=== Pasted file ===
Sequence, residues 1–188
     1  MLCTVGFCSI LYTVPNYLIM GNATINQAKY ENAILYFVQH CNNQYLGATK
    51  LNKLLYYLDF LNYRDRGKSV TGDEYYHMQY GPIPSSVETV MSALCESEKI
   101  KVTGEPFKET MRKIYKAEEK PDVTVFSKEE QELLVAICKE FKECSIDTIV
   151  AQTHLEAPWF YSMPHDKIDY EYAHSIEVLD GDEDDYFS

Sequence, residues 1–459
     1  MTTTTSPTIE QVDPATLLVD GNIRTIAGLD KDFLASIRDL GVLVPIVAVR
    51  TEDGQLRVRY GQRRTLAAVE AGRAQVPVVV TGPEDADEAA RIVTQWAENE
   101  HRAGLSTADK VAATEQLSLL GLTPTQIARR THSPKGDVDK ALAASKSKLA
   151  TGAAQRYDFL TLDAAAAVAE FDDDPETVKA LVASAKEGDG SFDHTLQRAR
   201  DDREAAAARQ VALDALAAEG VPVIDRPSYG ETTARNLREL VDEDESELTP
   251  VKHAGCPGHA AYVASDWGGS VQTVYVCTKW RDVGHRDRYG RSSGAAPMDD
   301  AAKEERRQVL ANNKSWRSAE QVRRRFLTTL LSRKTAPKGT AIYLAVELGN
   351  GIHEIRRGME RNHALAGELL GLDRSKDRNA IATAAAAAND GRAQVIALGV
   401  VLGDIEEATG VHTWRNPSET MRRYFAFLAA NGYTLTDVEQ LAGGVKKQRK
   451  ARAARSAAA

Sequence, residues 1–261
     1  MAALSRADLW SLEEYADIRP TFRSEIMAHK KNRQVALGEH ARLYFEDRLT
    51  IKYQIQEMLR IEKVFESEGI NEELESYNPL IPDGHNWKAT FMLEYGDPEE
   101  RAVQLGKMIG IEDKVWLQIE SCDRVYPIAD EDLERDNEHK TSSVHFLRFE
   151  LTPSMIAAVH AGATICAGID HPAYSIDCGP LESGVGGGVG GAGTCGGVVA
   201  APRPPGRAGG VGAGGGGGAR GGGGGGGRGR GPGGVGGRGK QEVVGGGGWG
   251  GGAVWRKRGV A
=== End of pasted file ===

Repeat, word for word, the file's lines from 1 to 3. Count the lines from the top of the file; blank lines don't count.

Sequence, residues 1–188
     1  MLCTVGFCSI LYTVPNYLIM GNATINQAKY ENAILYFVQH CNNQYLGATK
    51  LNKLLYYLDF LNYRDRGKSV TGDEYYHMQY GPIPSSVETV MSALCESEKI